Although text plays a small role in the "Day in the Life" books, the editors are looking for a writer who can help capture the essence of America. Editor Reiss said he hopes to persuade Joel Garreau, author of "The Nine Nations of North America," to accept the assignment.

In a media-soaked nation, of course, a big media project like this becomes a media event in its own right. And so the shooters will be accompanied on their assignments by camera crews from all three television networks and a PBS documentary team. Sometime Friday evening, an NBC-TV cameraman will be shooting Russian photographer Vladimir Sichov as he shoots the NBC News cameras shooting Tom Brokaw delivering the nightly news.

Smolan, a master of commercial barter, has worked out an intricate network of corporate tie-ins with companies willing to help out in return for a plug in the book and the right to use the pictures in promotions.

United Air Lines, for example, is giving all the shooters free passage to their assignments. Hertz rental car will handle transport on the ground -- and will also give $3,000 to the photographer who comes back with the best picture that just happens to have a Hertz Rent-A-Car in it ("no rear shots, no muddy cars," the company has decreed).

Kodak will process all 6,500 rolls of film -- but only if the shooters use Kodak film. In return for setting up headquarters here in Denver, the project got free hotel rooms and a nearly endless string of parties from civic boosters.

The photographers are to be paid a flat fee of $500, but that's just the beginning. Each will also receive a barrel of corporate goodies ranging from Nikon hats, Waldenbooks tote bags and Merrill-Lynch briefcases to Sony compact disk players and $3,000 Macintosh computers from Apple, which is both a major sponsor of the project and one of the specified assignments on the long list the shooters will shoot.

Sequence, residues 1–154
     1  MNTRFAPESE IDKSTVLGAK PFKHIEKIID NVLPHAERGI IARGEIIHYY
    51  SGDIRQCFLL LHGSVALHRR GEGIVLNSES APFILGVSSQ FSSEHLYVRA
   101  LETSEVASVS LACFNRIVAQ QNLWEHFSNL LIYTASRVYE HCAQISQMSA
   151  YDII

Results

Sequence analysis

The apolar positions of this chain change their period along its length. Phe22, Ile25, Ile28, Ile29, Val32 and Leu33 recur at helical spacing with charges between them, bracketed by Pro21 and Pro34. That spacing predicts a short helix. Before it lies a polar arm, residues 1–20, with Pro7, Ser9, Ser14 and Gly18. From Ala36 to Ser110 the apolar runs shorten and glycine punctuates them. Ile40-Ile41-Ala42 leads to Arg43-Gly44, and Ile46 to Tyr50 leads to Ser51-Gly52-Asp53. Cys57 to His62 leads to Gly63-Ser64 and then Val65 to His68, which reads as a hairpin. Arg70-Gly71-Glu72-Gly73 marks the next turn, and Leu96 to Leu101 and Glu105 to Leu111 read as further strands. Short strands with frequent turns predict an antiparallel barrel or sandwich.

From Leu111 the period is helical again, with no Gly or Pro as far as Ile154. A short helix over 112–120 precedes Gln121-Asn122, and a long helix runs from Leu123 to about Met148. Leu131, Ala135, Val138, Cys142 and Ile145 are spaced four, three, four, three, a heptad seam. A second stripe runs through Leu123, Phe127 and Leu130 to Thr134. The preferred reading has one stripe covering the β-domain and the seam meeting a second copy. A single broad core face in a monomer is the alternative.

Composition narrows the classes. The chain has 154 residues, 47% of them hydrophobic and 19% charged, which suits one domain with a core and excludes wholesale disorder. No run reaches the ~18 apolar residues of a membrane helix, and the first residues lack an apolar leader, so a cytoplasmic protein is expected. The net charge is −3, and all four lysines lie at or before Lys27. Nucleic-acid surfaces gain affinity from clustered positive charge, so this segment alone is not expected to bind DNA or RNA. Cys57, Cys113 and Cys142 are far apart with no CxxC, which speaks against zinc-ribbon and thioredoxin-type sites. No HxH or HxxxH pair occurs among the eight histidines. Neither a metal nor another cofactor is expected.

For many, the project is also a chance to shoot pictures they have long dreamed of. Many of the American photographers asked to go back to their childhood hometowns for this assignment. French and Polish shooters, in contrast, fought hard to get out to the wild West and take pictures of cowboys.

During the meetings and parties this weekend, though, many participants said the best part of the job was just being a participant -- being admitted to the stellar crew of professionals who are picked for a job like this.

The gathering had the feel of a slightly bohemian class reunion. Hour after hour, photojournalists who had last seen one another in a bar in Managua -- or on last year's "Day in the Life" excursion to Japan -- shook hands and started back in on conversations interrupted months or years before.

What do shooters do when they mass together? They carouse some and complain some -- about colorblind editors or overpriced cameras. But mainly they shoot: picture after picture of anything that happens to fall before the lens.

One of the prime photo subjects for all the shooters here was the grandfather of the "Day in the Life" team, Carl Mydans, the sprightly septuagenarian from Time-Life who is legendary in the trade for his world-famous photo of Gen. Douglas MacArthur, corncob pipe in teeth, wading ashore at Luzon in 1945. When Mydans was introduced at the group's initial meeting here, the entire assemblage burst into a loud, affectionate ovation.

Evoking Mydans' achievements, editor John Durniak then delivered a pep talk to the assembled shooters. He started slowly, but built up to a socko finish: "Go out there and shoot the hell out of the country."

With a lusty roar, the "Day in the Life" shooters agreed to do just that.